Users browsing through the Umbrella Secure Web Gateway (SWG) proxy with HTTPS Inspection may receive more frequent 516 Upstream Certificate CN Mismatch error pages beginning in the second half of October of 2023.
The 516 error page occurs when a website's certificate does not match the domain name used by the client to access the site.
The increase in error pages is due to a change in the Chrome browser's handling of requests for URLs which use the HTTP (unencrypted) scheme. Chrome now attempts to load the resource with the HTTPS (encrypted) scheme first. When configured for HTTPS Inspection, SWG will inspect a website's certificate and return a web page displaying an error code such as 516 if the certificate is not acceptable.
To work around this issue, customers can configure their Web policies to bypass HTTPS Inspection for requests which otherwise result in 516 errors.
516 error background
In brief, the Umbrella Secure Web Gateway will return a 516 error page when the domain name used to access a website via HTTPS does not appear in the server's digital certificate. For additional information describing the reason for Secure Web Gateway returning a 516 error page, review the Umbrella Knowledge Base article "516 Upstream Certificate CN Mismatch" error.
For example, consider a site which serves content from HTTP URLs in the form: http://www.example.com/path_to_content. If a user requests the equivalent HTTPS URLs, but the site does not have a certificate whose SANs match “www.example.com” (perhaps the SAN only matches “example.com”) then the user will receive a 516 error if the request is handled by Umbrella’s Secure Web Gateway with a Web policy that uses SWG’s HTTPS Inspection feature.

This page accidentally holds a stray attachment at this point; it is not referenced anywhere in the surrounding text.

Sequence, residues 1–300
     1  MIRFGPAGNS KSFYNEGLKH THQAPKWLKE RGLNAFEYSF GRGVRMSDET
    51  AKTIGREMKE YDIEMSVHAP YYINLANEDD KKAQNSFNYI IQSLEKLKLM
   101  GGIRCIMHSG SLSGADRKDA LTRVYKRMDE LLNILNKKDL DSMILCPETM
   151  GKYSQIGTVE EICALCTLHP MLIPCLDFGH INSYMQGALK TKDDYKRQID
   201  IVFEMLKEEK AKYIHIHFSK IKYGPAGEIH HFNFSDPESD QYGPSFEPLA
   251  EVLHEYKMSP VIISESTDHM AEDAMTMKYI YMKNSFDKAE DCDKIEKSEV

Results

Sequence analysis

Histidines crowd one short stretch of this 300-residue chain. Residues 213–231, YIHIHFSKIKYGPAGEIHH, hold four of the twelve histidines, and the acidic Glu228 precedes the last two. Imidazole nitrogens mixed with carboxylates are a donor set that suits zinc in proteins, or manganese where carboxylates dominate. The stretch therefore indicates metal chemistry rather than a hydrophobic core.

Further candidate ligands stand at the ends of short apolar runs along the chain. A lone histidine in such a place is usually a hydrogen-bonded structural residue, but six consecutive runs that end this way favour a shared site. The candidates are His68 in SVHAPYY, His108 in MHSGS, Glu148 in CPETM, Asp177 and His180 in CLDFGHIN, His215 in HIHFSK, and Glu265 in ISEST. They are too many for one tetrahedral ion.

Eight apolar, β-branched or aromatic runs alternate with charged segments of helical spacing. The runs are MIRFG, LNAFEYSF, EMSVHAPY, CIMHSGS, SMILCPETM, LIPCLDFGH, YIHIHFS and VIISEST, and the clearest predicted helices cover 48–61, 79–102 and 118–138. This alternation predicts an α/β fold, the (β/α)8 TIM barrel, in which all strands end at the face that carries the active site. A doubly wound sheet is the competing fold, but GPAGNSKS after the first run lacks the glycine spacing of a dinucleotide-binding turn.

Chrome behavior change
In the second half of October, 2023 Google completed the roll-out of a new feature for the Chrome browser. After that date, a request for an HTTP URL is automatically made using the HTTPS version of that URL. For example, when a user makes a request for http://www.example.com, Chrome will first try to fulfil the request using https://www.example.com.
If Chrome receives an HTTPS-related error when requesting the HTTPS URL, Chrome will then attempt to load the same content over HTTP. If the request for the HTTP URL is successful, Chrome will display an interstitial page with text indicating that the site is not secure and a link which gives the user the option to proceed, per the image below.
This is the fallback behavior in Chrome's new functionality.
However, when browsing via SWG with HTTPS Inspection, if the HTTPS request produces an HTTPS-related error such as ERR_CERT_COMMON_NAME_INVALID from the site, SWG will intercept the error and return an SWG error page to Chrome such as the 516 error page. This SWG content is not considered an HTTPS-related error by Chrome, so will not produce the fallback behavior, and the SWG error page will be displayed, rather than the page in the image above.
More information on the new Chrome behavior can be found from the Chromium blog:
and the feature's GitHub repository:
Determining the source of the error